Director/Screenplay – Bruce Robinson, Producer – David Wimbury, Photography – Peter Hannan, Music – David Dundas, Animation – Hibbert Ralph Animation, Makeup Effects – Peter Frampton, Prosthetics – Daniel Parker & Nik Williams, Production Design – Michael Pickwoad. Production Company – HandMade Films
Richard E. Grant (Dennis Bagley), Rachel Ward (Julia Bagley), Richard Wilson (John Bristol), Rachel Fielding (Penny), John Shrapnel (Psychiatrist)
Advertising executive Dennis Bagley is being driven crazy by his inability to come up with ideas for a pimple cream campaign. As he starts to mentally crack, he scathingly repudiates the advertising industry for its soullessness. At the same time, a boil develops on his shoulder. As it grows larger, the boil starts talking to Dennis, although hides itself whenever others are around, causing his wife and colleagues to think he is going crazy. The pimple, which represents Dennis’s greedy, most ruthless side, then forcibly emerges, reducing Dennis’s head to a pimple on his shoulder and taking its place.
How to Get Ahead in Advertising sets in with a scabrous brilliance. It is a black comedy conducted with the savage cruelty that only the British manage in a way that genuinely hurts. The first half is a scathingly brilliant jab into the underbelly of the advertising industry – an easy target one may think, but director/writer Bruce Robinson of the cult Withnail and I (1987) fame has clearly spent some time in the advertising industry and fires barbs at his target with an unerring precision. The film also features Richard E. Grant, also from Withnail, in a full flight of the hysteric dementia he perfected on that films. In lesser films, Grant comes out either as a prissy fop or merely wimpish – his best parts are, like here, those which allow him to take centre stage and launch forth with full sarcastic bite. The scenes with he savaging a Greenie dinner party guest as being ‘a closet meat eater’ or an hysterical metaphoric rant about the advertising industry – “I’m a drug pusher” – to a train carriage full of uptight types who take the scene at face value prove positively hysterical.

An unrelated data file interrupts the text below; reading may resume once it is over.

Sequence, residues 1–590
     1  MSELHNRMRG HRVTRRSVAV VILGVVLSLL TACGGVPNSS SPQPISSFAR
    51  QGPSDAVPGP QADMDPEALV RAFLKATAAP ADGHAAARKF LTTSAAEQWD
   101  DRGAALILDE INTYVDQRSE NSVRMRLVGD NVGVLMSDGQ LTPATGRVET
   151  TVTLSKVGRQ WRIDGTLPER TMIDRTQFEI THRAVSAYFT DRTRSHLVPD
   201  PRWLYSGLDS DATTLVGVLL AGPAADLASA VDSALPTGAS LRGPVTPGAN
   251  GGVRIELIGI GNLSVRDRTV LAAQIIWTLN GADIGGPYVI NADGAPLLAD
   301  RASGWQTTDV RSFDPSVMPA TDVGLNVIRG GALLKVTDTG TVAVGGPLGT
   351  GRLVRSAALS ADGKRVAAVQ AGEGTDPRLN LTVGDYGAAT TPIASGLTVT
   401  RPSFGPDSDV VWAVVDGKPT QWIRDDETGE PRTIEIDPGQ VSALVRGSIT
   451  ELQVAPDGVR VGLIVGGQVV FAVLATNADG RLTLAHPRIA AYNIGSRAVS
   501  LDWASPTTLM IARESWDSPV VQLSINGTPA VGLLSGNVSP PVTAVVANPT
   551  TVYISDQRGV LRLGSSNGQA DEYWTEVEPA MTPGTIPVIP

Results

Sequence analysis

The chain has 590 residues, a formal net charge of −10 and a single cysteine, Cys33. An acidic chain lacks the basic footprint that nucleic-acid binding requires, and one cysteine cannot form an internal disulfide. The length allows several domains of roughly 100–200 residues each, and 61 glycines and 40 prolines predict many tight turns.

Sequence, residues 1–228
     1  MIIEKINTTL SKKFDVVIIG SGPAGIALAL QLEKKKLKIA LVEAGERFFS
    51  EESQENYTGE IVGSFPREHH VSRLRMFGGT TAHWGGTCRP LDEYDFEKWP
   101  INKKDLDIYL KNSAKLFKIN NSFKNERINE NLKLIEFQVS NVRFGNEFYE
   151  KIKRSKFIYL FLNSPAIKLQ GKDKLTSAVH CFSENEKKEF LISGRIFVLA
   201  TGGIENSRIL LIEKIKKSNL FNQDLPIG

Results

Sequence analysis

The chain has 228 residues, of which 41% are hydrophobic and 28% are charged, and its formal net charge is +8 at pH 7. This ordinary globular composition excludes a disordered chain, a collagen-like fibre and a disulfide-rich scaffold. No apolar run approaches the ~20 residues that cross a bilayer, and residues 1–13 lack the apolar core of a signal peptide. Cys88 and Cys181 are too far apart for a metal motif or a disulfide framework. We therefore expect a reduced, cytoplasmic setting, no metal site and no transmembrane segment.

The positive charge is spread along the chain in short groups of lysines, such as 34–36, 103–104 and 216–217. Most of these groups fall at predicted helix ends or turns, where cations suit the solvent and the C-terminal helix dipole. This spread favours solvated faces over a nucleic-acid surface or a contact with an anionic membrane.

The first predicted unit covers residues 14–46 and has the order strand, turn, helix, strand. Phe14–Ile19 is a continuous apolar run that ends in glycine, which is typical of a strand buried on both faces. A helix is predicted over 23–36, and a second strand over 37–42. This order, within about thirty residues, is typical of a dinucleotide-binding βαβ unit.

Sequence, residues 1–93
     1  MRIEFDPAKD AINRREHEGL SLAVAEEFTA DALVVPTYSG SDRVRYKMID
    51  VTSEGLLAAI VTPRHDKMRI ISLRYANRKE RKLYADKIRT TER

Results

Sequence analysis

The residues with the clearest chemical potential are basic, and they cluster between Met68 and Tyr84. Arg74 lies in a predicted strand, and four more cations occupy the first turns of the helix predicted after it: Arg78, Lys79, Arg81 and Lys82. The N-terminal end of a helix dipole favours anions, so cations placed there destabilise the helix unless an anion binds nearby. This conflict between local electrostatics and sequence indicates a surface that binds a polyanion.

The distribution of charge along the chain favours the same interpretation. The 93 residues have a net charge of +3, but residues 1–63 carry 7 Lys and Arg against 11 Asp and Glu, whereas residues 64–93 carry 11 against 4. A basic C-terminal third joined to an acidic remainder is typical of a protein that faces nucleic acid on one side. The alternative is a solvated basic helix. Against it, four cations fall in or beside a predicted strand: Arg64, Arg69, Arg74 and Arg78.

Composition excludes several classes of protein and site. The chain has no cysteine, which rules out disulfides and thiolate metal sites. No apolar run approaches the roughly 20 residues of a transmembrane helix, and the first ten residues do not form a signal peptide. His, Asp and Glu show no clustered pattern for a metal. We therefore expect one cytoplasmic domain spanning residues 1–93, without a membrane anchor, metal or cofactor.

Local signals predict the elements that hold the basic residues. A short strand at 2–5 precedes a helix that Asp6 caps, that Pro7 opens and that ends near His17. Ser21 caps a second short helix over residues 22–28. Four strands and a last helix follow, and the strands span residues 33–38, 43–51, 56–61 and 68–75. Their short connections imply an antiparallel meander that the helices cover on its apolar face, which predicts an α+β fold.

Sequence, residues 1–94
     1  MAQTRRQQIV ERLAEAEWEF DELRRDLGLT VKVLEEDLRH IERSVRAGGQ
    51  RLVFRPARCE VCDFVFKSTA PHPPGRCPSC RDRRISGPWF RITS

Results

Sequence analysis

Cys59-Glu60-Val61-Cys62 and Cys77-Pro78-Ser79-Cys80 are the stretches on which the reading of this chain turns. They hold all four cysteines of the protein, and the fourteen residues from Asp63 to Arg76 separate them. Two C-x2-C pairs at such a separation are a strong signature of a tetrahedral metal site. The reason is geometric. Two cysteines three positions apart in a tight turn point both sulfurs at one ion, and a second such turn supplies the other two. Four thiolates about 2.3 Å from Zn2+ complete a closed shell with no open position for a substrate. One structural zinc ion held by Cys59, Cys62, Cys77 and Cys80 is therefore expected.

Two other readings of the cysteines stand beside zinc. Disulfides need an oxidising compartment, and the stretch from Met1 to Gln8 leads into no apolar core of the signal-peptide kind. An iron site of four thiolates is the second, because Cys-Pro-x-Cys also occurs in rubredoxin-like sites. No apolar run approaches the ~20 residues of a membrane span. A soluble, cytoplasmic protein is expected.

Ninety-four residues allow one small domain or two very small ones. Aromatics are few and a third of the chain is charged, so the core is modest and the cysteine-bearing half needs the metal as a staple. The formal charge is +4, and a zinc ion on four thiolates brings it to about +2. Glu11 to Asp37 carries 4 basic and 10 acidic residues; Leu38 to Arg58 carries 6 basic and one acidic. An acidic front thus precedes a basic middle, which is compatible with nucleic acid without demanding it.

In the latter half, the film launches off into a variant on the Beast Within theme familiar to Dr Jekyll and Mr Hyde et al – although it is sort of a Dr Jekyll and Mr Hyde if one can imagine Jekyll as a comedy straight man and Hyde as an amoral capitalist. This is a slight jump of tracks from the wonderfully black, hysteric savagery of the advertising industry satire that takes up the first half but soon builds with its own equal hilarity. There are all the deadpan reactions to the news of a talking boil by the people around Richard E. Grant – Grant to psychologist: “I’m not interested in what it [the boil] has to say … if it wants to join in it can pay its own bill.” One scene with the good Grant trapped as the boil pleading with a woman that the evil Grant is dancing with (thinking that she is his wife Rachel Ward) and trying to tell her of the evil boil’s plans to impregnate her only to have it misinterpreted as a torrent of obscenities is hilarious.
British-born director Bruce Robinson started as an actor, wroe the screenplay for the award-winning The Killing Fields (1984) and made his directorial debut with the cult film Withnail and I (1987). He has also made the serial killer thriller Jennifer Eight (1992) and the adaptation of Hunter S. Thompson’s The Rum Diary (2011). In genre material, Robinson also wrote the screenplay for the Neil Jordan clairvoyance thriller In Dreams (1999).